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Feature: Caspian oil producers face growing investor skepticism

London — Three decades after gaining independence, Azerbaijan and Kazakhstan face a growing struggle convincing investors and markets of the potential for significant new oil opportunities in the Caspian region.

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Recent months appear to have demonstrated the reduced allure of a region once seen as a trophy of the end of the Cold War and collapse of Soviet rule. In November, Chevron sold its 9.6% stake in Azerbaijan's main oil complex, Azeri-Chirag-Deepwater Gunashli (ACG), and ExxonMobil says it wants to sell its 7% stake, as both majors focus on shale resources at home.

Oil production from the BP-operated ACG has fallen 8% in 2019 and is now around a third below 2010 levels, at 540,000 b/d in the first nine months of the year.

In Kazakhstan, production is still considered broadly on the rise, but a hard-bitten industry is increasingly skeptical of the cost of projects. Holders of Chevron stock reacted badly recently to news of a $10 billion increase in the cost of a project to expand the country's largest producer, the Tengiz field, along with a delay to the project.

It is perhaps unsurprising the industry has moved on from the days when the Caspian was seen alongside the likes of Angola as a solution to a perceived threat of a peak in global oil supplies.

Azerbaijan was always expected to experience declining crude production in the 2010s, with the industry switching its focus there to big gas projects that would offset declining oil revenues. Gas deliveries from the Shah Deniz field are expected to reach Italy in October 2020 and the Absheron gas field is due on stream in the same year. The gas projects also bring some liquids production. The Shah Deniz field has been producing around 77,000 b/d of condensate in recent months.

While BP and others continue to explore, the IMF expects rising gas output to support modest rates of economic growth in Azerbaijan, amounting to 2.5% annually in the medium term, marred by what it recently called "structural rigidities, governance weaknesses, and lack of transparency."

KASHAGAN FLOWS

Kazakhstan at least has the advantage of rising oil production. Output from Tengiz is expected to reach 900,000 b/d once the so-called "third-generation" expansion project is up and running in 2023.

And there are signs of improved reliability at the troubled Kashagan project. Once dubbed a "failure of the industry" by a chief financial officer of Total, Patrick de la Chevardiere, due to its $55 billion price-tag, Kashagan production levels have recently exceeded 420,000 b/d.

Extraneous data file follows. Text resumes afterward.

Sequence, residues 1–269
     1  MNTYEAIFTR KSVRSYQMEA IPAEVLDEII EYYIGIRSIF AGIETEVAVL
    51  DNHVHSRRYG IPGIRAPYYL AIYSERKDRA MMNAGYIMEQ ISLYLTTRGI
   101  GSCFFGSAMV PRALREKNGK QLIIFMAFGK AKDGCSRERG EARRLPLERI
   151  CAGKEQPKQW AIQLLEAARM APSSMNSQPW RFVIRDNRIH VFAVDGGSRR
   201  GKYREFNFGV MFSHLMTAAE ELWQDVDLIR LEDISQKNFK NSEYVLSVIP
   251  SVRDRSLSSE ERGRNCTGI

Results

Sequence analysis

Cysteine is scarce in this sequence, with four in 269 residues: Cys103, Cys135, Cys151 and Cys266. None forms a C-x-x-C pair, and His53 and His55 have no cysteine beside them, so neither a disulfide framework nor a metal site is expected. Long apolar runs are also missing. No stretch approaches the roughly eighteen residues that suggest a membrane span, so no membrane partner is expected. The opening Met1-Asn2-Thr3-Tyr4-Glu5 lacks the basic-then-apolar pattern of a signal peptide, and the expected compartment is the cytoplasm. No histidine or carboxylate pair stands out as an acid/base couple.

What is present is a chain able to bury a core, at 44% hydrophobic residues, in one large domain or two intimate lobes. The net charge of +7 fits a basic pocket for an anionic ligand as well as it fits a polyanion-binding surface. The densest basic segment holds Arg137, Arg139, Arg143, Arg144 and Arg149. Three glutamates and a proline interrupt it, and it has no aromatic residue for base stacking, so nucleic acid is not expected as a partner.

Kazakhstan's limitations, however, are becoming clear. At a strategic level, there is evidence Russia retains significant control. Once-popular conceptions that a crude pipeline could be built across the Caspian to Azerbaijan to aid Kazakh oil exports now appear far-fetched. Kazakhstan remains heavily reliant on the CPC pipeline across southern Russia to the port of Novorossiisk.

And while international oil companies talk of controlling costs in the sector generally, that seems a forlorn hope in Kazakhstan, with dissatisfaction at rising costs extending beyond Tengiz.

Tensions at Tengiz burst into the open in June when more than 40 foreign workers were injured in an affray sparked by a foreign worker insulting a Kazakh co-worker. The Kazakh authorities were quick to blame their foreign partners for pay differences between Kazakh and foreign workers, and an alleged failure to hire more Kazakhs.

Chevron, in turn, has highlighted the non-standard aspects of the location, which has entailed, for example, building new dock facilities to bring in material for the expansion project.

KAZAKH UNCERTAINTY

Kazakhstan does appear to be taking steps to stimulate production at its numerous mature oil fields, with talk of tax breaks. State-owned KazMunaiGaz signed a cooperation "roadmap" with Russia's Tatneft in November, aimed at helping improve oil recovery at mature, heavy oil fields.

Both Azerbaijan and Kazakhstan's crude have experienced strong demand in recent months due to factors such as a shortfall of Russian Urals crude at Novorossiisk, and a new cap on sulfur levels in bunker fuel that limits appetite for sourer crudes.

But the big picture in the Caspian region is one of uncertainty and stagnation in the face of geopolitical tensions, global competition for investment, doubts about resource demand, and potential for political instability.

London-based think-tank Chatham House concluded in a report in November that the risks of political instability were increasing after Kazakhstan's first political transition in nearly 30 years, as former president and self-styled "leader of the nation" Nursultan Nazarbayev tries to "row back" from his handover to his designated successor, President Kassym-Jomart Tokayev.

If they were in any doubt, the report warned investors they could ill-afford to be complacent.

"The state's relationship with the three supergiant oil projects is changing," it said, referring to the Tengiz, Kashagan and Karachaganak fields.

"The operating environment is becoming more difficult...If the status quo endures, Kazakhstan will depend on, and likely squeeze, a few key oil projects even more."

-- Nick Coleman, nick.coleman@spglobal.com

-- Edited by James Leech, newsdesk@spglobal.com